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The Night Tram - An Interview with Jason Wen

Please tell us about your background. What made you fall in love with cinema? How did you become interested in filmmaking and what did you work on before making The Night Tram?

I’m originally born in the USA, where I was raised in the suburbs surrounding Dallas. In 2001, I completed a short computer animated film, f8, which received quite a lot of recognition. At the time, there were very few independent computer animation filmmakers producing their own work. It was just at the right time when computers and software had become affordable and powerful enough for an individual artist to pull it off.

I used to want to be an animation filmmaker, but I got burnt out with animation after making f8 which took over 3 years, working full-time to complete. I ended up gravitating to photography, as it forced me to go outside and it’s feedback is much more immediate.

After f8, I found work as a visual effects artist, mostly on feature films in London. I began as an animator on Harry Potter and the Prisoner of Azkaban. Eventually, I got into previsualisation (a kind of computer animated storyboard), which I enjoyed immensely, as I found it more creative than feature film animation. In previs, there is the opportunity to interact with the director and other department heads to help them develop what are typically rather complicated action scenes.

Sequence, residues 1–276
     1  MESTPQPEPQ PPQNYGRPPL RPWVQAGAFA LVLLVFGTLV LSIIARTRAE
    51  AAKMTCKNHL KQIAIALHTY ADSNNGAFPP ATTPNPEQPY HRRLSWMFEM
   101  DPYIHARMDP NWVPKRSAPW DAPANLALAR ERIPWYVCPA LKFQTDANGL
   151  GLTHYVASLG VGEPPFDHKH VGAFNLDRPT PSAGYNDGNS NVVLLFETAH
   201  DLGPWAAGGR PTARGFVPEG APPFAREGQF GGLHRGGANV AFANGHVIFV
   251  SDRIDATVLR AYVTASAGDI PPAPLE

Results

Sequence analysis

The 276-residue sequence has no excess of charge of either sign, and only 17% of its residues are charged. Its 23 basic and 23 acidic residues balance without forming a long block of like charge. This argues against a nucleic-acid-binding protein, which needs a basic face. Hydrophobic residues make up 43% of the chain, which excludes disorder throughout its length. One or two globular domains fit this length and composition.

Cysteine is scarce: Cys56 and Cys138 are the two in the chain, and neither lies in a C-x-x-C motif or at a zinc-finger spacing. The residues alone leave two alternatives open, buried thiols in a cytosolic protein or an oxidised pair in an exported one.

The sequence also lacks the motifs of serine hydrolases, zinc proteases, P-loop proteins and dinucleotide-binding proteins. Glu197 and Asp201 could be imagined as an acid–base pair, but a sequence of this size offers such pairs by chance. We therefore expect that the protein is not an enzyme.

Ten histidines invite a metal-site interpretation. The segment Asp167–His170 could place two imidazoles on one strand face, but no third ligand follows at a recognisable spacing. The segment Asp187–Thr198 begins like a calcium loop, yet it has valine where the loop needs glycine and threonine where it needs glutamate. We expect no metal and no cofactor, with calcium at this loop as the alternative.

I decided to go back to film school for a year. So in 2019 we moved to Prague, temporarily, so I could attend Prague Film School, where I made two short films, Amanita and The Night Tram.

I became interested in films, in large part through my brother, who would take me along to the cinema in the 80’s and early 90’s. My mom used to own a shop in the mall and I remember somehow going into the cinema by myself and seeing Pink Floyd’s The Wall. I must have only been 6 at the time and I actually haven't seen the film since. But, it’s amazing how I can still recall a bit of the film. I guess this time was nearing the end of an era when films were really treated as a special form of entertainment, before the internet and digital television took off.